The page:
A phase change cooling system like the Prometeia Mach II
GT essentially works like this: the compressor pressurizes a gaseous refrigerant into liquid
form, which causes it to rise in temperature. The liquid refrigerant is
sent to the condenser (a heat exchanger) where it is cooled
The liquid refrigerant is then forced at high
pressure through copper capillary tubing into an evaporation chamber, which is a
low pressure area. There it evaporates (changes from from liquid to gas) back
into gaseous form and absorbs latent heat in an endothermic reaction. The now
heated gas is then pumped back into the compressor to be turned into a liquid
before proceeding to the condenser again to dump its heat.
The evaporation chamber in a phase-change cooling system like the
Prometeia Mach II GT happens to be the block of copper which is attached to the
CPU. As the chamber decreases in temperature, it absorbs the heat energy from the
processor below it, lowering the chip's overall temperature as well.
pumps, and just how loud is a phase change cooler?
what you may assume, a phase change cooler which comprises of a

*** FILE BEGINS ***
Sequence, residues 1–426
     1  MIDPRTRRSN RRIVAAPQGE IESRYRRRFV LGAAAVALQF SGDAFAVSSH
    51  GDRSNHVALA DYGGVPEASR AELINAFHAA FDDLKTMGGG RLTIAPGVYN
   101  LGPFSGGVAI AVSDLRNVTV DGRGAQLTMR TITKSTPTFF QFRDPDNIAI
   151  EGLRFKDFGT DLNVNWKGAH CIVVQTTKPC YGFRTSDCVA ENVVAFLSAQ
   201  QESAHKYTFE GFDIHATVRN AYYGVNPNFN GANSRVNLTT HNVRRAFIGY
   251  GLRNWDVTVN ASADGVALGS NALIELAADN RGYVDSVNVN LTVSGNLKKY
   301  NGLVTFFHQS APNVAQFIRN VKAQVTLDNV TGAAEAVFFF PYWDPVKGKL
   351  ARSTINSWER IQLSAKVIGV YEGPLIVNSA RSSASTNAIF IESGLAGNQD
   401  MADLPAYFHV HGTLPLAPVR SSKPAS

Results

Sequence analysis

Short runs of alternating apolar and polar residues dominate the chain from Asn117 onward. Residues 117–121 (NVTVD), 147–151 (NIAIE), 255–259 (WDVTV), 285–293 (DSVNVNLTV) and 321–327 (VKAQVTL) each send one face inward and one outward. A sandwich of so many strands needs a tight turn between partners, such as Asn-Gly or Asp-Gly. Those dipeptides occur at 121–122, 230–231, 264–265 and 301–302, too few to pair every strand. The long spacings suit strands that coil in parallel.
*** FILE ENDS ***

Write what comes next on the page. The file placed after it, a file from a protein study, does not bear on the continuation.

refrigerator-style compressor and pair of DC cooling fans, is not loud. When
the Prometeia Mach II GT is first turned on, the compressor runs at full load (which produces up
to 41dB of noise according to ECT) until the cooling head reaches its
booting temperature. Once the head hits this temperature mark the system switches to
normal operation mode (35dB) and the fans run at about 50% speed.
Prometeia Mach II GT can connect directly to your computer via USB, so can
also adjust the speed of the front and rear fans to increase/decrease the noise
level further still. The compressor generates a low pitched hum that anyone in
the western hemisphere is familiar with,
and so it blends nicely into the background.
you will have a noticeably louder system with a phase change cooler running than
you would with a stock heatsink. On the other hand, it will be much
quieter than any mid-level overclocking fan on the market.